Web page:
Cat Dwelling | PAWS Chicago

Cat Dwelling

Your cat’s environment contributes to his confidence.


Cats assess territory in its entirety.

They see the entire world, both horizontal and vertical, as space worthy of ownership. Even if your cat is a Napoleon Cat or a Wallflower Cat, he finds confidence someplace.

When a cat expresses his mojo in a place, we call it dwelling. Dwelling means owning with confidence.

There are three main types of dwellers:

A Bush Dweller is a cat who is confident in spots that are down low and somewhat hidden from view, like under a table or behind a potted plant. From this spot, he can survey his territory, stalk his prey or simply rest. Cats in the wild, hanging out in the bush, are waiting to hunt, to strike, to pounce. One thing they are not doing is hiding.

The Tree Dweller is up in the vertical world. Think about why a leopard takes his kill up into a tree. He’s saying, “I feel safe up here. My kill is safe from the other cats down on the ground. And I want the cats on the ground to see what I’ve done.” Tree dwelling can be anywhere above the ground. It doesn’t necessarily mean way up in the rafters. It can also include a chair, a table or the top of the couch.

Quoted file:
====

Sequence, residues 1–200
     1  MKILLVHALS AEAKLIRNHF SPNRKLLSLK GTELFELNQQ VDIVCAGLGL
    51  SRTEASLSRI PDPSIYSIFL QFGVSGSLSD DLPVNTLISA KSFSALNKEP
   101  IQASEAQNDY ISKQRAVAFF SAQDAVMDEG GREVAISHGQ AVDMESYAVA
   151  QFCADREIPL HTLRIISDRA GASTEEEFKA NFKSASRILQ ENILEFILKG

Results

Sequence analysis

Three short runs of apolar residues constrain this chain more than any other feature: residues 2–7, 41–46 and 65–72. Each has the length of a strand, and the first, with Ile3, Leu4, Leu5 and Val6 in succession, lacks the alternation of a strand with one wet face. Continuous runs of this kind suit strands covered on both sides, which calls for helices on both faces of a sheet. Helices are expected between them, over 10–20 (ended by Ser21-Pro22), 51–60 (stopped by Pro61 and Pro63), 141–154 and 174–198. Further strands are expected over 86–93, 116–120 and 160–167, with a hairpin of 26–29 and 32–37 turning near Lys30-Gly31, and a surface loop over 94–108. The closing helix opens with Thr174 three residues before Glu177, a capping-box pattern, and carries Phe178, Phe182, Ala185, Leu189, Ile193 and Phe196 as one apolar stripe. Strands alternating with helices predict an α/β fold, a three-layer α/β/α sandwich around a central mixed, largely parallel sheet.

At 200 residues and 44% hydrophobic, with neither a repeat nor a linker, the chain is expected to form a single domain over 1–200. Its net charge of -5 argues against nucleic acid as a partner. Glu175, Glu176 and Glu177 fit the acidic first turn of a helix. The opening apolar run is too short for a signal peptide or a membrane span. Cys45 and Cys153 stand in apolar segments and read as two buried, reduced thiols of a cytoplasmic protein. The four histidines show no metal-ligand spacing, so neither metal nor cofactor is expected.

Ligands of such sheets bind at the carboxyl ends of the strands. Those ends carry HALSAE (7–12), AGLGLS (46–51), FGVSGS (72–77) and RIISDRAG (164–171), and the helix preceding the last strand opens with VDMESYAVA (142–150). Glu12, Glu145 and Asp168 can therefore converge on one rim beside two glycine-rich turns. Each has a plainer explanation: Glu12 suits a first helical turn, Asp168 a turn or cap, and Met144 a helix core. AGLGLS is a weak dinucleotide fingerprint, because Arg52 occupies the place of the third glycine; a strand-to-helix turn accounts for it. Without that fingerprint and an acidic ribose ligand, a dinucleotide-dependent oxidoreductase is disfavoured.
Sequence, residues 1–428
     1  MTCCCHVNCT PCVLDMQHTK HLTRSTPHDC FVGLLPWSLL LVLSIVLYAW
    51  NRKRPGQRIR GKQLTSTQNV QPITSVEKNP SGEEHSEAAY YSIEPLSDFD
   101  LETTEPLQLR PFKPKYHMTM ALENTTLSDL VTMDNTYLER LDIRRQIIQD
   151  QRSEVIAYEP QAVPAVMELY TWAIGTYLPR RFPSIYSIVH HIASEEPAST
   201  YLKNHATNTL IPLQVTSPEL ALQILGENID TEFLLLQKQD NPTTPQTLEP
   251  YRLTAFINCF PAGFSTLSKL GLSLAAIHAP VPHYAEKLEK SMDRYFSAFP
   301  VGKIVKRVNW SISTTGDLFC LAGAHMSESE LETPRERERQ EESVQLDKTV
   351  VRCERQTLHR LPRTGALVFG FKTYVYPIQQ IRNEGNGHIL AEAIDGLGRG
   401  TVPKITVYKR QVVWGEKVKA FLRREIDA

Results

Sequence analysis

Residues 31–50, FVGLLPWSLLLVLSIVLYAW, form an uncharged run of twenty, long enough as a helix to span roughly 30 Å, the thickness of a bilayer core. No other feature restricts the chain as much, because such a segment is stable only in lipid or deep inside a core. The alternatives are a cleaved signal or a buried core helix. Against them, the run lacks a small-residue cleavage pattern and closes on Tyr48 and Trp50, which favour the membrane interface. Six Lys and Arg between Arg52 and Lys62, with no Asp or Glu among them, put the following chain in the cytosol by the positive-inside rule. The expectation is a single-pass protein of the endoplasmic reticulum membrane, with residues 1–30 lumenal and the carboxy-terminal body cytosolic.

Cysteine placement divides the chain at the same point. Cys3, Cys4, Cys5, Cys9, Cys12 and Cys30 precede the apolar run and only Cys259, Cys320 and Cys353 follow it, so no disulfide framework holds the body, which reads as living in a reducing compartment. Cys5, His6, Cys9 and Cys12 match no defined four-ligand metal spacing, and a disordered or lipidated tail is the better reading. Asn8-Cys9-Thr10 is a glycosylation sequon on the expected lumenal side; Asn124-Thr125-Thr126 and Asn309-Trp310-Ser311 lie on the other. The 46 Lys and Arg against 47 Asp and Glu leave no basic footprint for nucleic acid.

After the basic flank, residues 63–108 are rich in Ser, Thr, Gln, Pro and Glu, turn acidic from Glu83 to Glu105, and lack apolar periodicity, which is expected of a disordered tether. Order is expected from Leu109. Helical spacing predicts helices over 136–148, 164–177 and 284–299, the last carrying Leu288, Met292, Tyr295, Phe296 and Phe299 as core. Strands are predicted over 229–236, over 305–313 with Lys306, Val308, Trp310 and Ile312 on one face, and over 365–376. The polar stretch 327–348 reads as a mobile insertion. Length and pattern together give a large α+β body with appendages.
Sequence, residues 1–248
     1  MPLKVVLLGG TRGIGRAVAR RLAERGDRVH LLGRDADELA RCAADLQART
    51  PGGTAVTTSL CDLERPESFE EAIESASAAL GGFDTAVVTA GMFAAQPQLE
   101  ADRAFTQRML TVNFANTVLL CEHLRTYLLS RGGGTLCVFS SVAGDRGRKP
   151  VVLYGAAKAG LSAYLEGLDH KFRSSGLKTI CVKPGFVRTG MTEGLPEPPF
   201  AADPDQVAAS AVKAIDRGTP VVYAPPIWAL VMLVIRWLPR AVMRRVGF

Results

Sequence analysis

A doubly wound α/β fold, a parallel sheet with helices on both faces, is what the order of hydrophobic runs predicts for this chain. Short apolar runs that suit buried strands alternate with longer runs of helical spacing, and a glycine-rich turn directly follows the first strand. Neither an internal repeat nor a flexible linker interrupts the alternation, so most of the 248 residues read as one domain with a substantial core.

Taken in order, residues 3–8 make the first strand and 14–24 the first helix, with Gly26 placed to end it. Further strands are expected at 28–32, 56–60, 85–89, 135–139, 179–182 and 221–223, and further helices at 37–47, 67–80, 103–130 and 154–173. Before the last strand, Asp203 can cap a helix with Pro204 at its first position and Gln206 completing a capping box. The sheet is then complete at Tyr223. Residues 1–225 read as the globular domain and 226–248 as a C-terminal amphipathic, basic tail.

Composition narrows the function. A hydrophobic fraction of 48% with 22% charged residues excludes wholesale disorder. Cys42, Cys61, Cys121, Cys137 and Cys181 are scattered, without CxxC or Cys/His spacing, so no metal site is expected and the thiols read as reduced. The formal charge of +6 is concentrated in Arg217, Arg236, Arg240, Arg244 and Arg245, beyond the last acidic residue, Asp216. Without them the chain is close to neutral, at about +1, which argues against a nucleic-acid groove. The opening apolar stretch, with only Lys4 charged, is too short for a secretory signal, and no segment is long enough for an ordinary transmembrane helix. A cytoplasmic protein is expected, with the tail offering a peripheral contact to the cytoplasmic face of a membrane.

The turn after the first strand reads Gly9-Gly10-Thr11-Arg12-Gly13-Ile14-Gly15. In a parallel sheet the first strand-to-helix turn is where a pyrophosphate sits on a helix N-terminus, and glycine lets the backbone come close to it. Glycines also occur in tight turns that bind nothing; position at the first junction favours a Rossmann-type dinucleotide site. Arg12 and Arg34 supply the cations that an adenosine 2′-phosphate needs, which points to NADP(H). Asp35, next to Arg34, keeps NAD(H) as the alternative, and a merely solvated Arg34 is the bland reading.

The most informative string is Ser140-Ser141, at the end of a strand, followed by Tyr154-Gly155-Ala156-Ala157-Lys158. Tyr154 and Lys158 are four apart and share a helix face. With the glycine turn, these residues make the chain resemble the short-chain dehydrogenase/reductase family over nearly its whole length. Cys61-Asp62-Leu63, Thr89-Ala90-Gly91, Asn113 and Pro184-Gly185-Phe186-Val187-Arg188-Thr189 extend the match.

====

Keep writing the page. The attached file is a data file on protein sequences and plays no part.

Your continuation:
The Beach Dweller is down on the floor and out in the open. This is the cat you trip over. This cat is making a territorial play, sending a clear message to you and the other animals in the house that the center of the floor is their territory. They’re saying, “If you want to walk through this room, you’re going to have to go around me.”

Source: Special thanks to Jackson Galaxy for his contributions.


A cat under the bed or cowering on top of the refrigerator is not expressing confidence. Rather, he is exhibiting fear; it is anti-dwelling. Unconfident cats hide because they’re trying to disappear or get away.

Here are some anti-dwelling behaviors to look out for:

  • Caving: These cats are hiding away out of fear. When a cat is caving, he is trying to disappear into a dark, enclosed space where no one can find him. We can allow cats to be tucked away in secluded areas, but we need to control where these places are. A cat may hide under the bed due to fear or stress. You have no way to help him overcome his fear if you cannot make contact with him. Keep hiding areas blocked off if they prevent you from interacting with him. Instead, give him a variety of hiding spots that offer security and comfort to the cat but also enable you to interact with him.
  • Fridging: This cat hides on top of the fridge, or in another place that’s up high, to get away from other cats or people in the house who are tormenting him. It doesn’t matter whether the torment is real or perceived. It becomes our very important job as guardians to show him that safety does not equal confidence.

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